`step_discretize_cart()`

creates a *specification* of a recipe step that will
discretize numeric data (e.g. integers or doubles) into bins in a supervised
way using a CART model.

## Usage

```
step_discretize_cart(
recipe,
...,
role = NA,
trained = FALSE,
outcome = NULL,
cost_complexity = 0.01,
tree_depth = 10,
min_n = 20,
rules = NULL,
skip = FALSE,
id = rand_id("discretize_cart")
)
```

## Arguments

- recipe
A recipe object. The step will be added to the sequence of operations for this recipe.

- ...
One or more selector functions to choose which variables are affected by the step. See

`selections()`

for more details.- role
Defaults to

`"predictor"`

.- trained
A logical to indicate if the quantities for preprocessing have been estimated.

- outcome
A call to

`vars`

to specify which variable is used as the outcome to train CART models in order to discretize explanatory variables.- cost_complexity
The regularization parameter. Any split that does not decrease the overall lack of fit by a factor of

`cost_complexity`

is not attempted. Corresponds to`cp`

in`rpart::rpart()`

. Defaults to 0.01.- tree_depth
The

*maximum*depth in the final tree. Corresponds to`maxdepth`

in`rpart::rpart()`

. Defaults to 10.- min_n
The number of data points in a node required to continue splitting. Corresponds to

`minsplit`

in`rpart::rpart()`

. Defaults to 20.- rules
The splitting rules of the best CART tree to retain for each variable. If length zero, splitting could not be used on that column.

- skip
A logical. Should the step be skipped when the recipe is baked by

`recipes::bake()`

? While all operations are baked when`recipes::prep()`

is run, some operations may not be able to be conducted on new data (e.g. processing the outcome variable(s)). Care should be taken when using`skip = TRUE`

as it may affect the computations for subsequent operations- id
A character string that is unique to this step to identify it.

## Value

An updated version of `recipe`

with the new step added to the
sequence of any existing operations.

## Details

`step_discretize_cart()`

creates non-uniform bins from numerical variables by
utilizing the information about the outcome variable and applying a CART
model.

The best selection of buckets for each variable is selected using the standard cost-complexity pruning of CART, which makes this discretization method resistant to overfitting.

This step requires the rpart package. If not installed, the step will stop with a note about installing the package.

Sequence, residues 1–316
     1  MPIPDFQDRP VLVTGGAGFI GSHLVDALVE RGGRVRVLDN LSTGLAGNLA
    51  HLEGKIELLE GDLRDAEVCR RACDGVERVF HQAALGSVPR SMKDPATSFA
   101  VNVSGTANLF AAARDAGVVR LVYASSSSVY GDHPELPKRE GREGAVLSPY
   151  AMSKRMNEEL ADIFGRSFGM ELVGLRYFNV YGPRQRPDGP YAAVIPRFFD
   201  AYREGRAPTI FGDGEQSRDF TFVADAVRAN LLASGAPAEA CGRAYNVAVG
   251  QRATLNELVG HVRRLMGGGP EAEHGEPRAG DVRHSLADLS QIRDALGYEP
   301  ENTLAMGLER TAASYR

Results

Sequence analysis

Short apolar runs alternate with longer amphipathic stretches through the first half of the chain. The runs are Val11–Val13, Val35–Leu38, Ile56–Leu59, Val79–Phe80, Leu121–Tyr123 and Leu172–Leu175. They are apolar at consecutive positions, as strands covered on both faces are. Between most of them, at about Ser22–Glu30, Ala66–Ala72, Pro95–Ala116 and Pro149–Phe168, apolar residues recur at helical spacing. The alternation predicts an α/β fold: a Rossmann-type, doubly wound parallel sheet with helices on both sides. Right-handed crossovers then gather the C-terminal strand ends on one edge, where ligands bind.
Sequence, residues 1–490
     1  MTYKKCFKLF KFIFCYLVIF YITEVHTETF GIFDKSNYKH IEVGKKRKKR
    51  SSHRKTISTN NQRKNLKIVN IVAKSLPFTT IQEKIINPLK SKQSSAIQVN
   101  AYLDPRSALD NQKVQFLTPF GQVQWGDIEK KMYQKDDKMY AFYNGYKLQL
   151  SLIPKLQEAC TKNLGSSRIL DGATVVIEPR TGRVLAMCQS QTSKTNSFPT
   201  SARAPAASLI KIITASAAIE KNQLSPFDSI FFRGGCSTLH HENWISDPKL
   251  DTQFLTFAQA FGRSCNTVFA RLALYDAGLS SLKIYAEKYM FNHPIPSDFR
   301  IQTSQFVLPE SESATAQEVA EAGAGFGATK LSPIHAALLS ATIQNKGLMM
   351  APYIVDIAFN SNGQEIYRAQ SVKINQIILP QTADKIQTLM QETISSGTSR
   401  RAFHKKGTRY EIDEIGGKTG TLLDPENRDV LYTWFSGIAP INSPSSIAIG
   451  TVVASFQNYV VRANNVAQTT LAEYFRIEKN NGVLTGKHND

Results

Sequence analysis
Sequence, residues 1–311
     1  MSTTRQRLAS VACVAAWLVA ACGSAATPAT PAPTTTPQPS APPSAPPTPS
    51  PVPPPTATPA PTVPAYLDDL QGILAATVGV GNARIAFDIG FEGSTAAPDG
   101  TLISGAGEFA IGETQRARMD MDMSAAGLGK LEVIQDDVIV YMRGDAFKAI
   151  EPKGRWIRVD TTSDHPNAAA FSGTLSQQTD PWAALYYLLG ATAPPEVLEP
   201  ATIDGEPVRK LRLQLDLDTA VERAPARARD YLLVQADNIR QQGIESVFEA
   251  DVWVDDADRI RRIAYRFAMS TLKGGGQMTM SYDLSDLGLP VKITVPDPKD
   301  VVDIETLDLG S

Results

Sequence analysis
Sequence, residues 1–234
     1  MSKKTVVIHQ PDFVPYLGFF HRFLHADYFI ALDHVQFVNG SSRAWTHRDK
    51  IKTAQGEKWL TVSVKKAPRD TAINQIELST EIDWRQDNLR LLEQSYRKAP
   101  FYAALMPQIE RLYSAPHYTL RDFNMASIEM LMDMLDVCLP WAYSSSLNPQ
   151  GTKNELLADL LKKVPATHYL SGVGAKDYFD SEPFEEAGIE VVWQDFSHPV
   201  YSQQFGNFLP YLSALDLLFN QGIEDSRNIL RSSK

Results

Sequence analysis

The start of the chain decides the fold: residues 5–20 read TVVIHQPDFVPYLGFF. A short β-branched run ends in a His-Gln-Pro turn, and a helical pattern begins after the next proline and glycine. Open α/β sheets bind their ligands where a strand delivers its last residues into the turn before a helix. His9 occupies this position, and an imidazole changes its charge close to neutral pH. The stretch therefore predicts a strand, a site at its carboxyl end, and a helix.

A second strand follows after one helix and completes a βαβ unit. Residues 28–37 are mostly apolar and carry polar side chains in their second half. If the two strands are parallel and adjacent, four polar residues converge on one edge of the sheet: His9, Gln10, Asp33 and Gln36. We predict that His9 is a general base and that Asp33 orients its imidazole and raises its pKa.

Note that the original data will be replaced with the new bins.

## Tidying

When you `tidy()`

this step, a tibble with columns `terms`

(the columns that is selected), `values`

is returned.

## Tuning Parameters

This step has 3 tuning parameters:

`cost_complexity`

: Cost-Complexity Parameter (type: double, default: 0.01)`tree_depth`

: Tree Depth (type: integer, default: 10)`min_n`

: Minimal Node Size (type: integer, default: 20)

## Case weights

This step performs an supervised operation that can utilize case weights.
To use them, see the documentation in recipes::case_weights and the examples on
`tidymodels.org`

.

## Examples

```
library(modeldata)
data(ad_data)
library(rsample)
split <- initial_split(ad_data, strata = "Class")
ad_data_tr <- training(split)
ad_data_te <- testing(split)
cart_rec <-
recipe(Class ~ ., data = ad_data_tr) %>%
step_discretize_cart(
tau, age, p_tau, Ab_42,
outcome = "Class", id = "cart splits"
)
cart_rec <- prep(cart_rec, training = ad_data_tr)
# The splits:
tidy(cart_rec, id = "cart splits")
#> # A tibble: 16 × 3
#> terms value id
#> <chr> <dbl> <chr>
#> 1 tau 6.05 cart splits
#> 2 tau 6.17 cart splits
#> 3 tau 6.31 cart splits
#> 4 tau 6.37 cart splits
#> 5 tau 6.66 cart splits
#> 6 age 0.986 cart splits
#> 7 age 0.987 cart splits
#> 8 age 0.988 cart splits
#> 9 age 0.988 cart splits
#> 10 age 0.988 cart splits
#> 11 p_tau 4.62 cart splits
#> 12 Ab_42 9.66 cart splits
#> 13 Ab_42 10.8 cart splits
#> 14 Ab_42 11.2 cart splits
#> 15 Ab_42 11.3 cart splits
#> 16 Ab_42 11.7 cart splits
bake(cart_rec, ad_data_te, tau)
#> # A tibble: 84 × 1
#> tau
#> <fct>
#> 1 [6.166,6.308)
#> 2 [6.045,6.166)
#> 3 [6.374,6.661)
#> 4 [-Inf,6.045)
#> 5 [-Inf,6.045)
#> 6 [-Inf,6.045)
#> 7 [-Inf,6.045)
#> 8 [-Inf,6.045)
#> 9 [-Inf,6.045)
#> 10 [6.374,6.661)
#> # ℹ 74 more rows
```